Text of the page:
Great information..I know this is old, but I was wondering if it was possible if someone could make a correction in one of the original posts? I think it was from another source and copied and pasted, but cockatiels should live much longer than 7-10 years if cared for properly. Those short life spans are due to inadequate care many people give their birds (dirty cages, all seed diet, etc.).
Their ages can range from 20-30 years if kept healthy. Many people may be willing to make a under 10 year commitment, but not a 30 year.
People should realize these birds will stay with you for the LONG haul.

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8,141 Posts
Anyway,we dont advise anyone to clip birds wings.Have meshs installed in your house instead,or a room for them to fly.:love:
Whether or not to clip a bird is a personal decision, and must be evaluated on an individual basis in terms of pros/cons, safety issues, etc. We welcome your sharing your personal experiences here, but prefer not to make absolute generalizations about clipping or not clipping. For some people, clipping is a safer option than free flight. For others, it is not. There is no hard and fast rule about what is best.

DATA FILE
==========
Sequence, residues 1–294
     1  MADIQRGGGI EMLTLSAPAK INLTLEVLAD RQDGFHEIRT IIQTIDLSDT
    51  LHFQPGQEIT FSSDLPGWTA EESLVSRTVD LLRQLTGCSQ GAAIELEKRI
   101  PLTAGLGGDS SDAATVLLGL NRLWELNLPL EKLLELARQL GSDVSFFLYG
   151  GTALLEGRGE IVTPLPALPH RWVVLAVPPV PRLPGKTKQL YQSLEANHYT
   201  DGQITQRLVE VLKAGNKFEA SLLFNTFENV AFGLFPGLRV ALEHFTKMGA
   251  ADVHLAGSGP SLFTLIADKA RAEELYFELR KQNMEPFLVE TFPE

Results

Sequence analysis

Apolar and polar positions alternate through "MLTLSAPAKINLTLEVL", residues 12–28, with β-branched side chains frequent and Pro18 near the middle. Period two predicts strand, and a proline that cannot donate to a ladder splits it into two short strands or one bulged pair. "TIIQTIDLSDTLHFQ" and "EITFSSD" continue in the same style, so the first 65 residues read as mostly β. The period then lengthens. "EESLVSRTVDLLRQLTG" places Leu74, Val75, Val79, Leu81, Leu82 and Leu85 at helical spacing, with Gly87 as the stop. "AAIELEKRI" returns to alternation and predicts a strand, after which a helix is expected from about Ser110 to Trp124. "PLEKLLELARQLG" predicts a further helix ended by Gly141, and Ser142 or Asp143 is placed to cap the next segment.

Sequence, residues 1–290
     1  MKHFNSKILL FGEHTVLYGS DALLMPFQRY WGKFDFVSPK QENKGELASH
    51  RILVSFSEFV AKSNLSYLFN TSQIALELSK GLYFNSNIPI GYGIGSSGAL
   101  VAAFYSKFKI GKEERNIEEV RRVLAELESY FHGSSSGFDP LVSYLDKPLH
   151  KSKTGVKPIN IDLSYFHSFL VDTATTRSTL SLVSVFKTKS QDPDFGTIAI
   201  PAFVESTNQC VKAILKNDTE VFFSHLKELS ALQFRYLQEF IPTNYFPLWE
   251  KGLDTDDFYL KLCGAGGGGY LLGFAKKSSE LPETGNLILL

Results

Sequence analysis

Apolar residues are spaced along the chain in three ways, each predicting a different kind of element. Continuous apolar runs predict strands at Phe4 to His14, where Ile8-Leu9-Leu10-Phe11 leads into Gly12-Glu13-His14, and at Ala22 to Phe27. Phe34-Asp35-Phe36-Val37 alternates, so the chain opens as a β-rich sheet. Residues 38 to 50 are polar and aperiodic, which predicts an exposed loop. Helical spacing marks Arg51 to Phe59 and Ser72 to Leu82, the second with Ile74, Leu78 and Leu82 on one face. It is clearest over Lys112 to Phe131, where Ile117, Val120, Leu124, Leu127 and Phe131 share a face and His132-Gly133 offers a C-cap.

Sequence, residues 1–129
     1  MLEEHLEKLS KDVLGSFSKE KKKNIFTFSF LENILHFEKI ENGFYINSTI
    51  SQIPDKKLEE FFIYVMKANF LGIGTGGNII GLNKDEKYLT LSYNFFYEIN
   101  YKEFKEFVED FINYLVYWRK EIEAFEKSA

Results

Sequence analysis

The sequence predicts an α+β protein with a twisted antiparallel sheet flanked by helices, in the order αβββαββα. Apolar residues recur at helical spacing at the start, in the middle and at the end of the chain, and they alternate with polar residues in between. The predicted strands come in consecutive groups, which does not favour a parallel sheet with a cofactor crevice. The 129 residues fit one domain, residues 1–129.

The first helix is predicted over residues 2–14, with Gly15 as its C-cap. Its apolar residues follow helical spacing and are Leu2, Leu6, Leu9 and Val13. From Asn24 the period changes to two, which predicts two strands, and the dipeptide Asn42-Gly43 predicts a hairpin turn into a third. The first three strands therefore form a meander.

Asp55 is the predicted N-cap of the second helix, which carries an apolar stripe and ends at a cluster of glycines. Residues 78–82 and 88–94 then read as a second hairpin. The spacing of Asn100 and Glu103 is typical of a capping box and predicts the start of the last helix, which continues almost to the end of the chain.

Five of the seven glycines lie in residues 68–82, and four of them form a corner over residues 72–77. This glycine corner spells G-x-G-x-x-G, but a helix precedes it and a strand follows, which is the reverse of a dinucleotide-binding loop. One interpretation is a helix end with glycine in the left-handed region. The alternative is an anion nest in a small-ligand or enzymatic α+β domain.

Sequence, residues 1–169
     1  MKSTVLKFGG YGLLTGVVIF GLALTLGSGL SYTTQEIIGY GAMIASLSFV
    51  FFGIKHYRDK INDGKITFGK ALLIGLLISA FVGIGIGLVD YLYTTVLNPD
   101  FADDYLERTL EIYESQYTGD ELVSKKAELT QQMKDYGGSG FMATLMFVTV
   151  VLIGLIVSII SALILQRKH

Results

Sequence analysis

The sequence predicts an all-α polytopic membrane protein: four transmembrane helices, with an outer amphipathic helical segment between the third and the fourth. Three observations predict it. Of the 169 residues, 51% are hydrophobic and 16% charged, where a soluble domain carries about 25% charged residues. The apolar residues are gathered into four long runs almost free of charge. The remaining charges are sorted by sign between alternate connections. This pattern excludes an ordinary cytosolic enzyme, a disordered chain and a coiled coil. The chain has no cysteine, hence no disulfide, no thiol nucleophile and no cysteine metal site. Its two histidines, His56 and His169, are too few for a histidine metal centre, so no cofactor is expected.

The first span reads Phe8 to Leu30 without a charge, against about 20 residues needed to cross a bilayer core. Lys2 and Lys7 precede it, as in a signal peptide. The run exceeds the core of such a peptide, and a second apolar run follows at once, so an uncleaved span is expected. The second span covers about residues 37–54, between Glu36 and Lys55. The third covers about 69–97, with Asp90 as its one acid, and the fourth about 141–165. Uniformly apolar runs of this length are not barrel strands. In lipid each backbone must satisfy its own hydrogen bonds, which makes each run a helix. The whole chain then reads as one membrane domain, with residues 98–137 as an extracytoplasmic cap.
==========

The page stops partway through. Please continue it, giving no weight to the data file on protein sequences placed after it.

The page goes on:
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8,297 Posts
Give any cockatiel you propose to buy a test flight. If it plummets to the ground, it has a very bad wing trim and is injuring itself every time it tries to land. Lots of birds have ghastly wing trims. This kind of injury has lifelong consequences. The bird you buy should be able to flutter to the ground in a controlled way or not be trimmed at all. You can get the wings done properly later.
I would just like to put some input from personal experience on this..

Luna had the most horrible wing clip I had ever seen. His primaries and secondaries were clipped as close the the wing as someone could get it. So growing up the past 6 months, he had plenty of crashes and less than graceful landings...but now that his feathers are growing back in he is doing very well with flying--no "lifelong consequences" at all.

Then my other, Kirk, had an appropriate wing clip but clearly did not learn how to fly beforehand. So he had tons and tons of crashes into the walls and plenty of horrible landings. He was extremely unconfident about flying when his primaries came in, but is now 12 months old and is the most graceful flier we have in our flock of 4.

So, if you do test out a bird's flight keep in mind they may be young and inexperienced fliers...but with practice they do get better.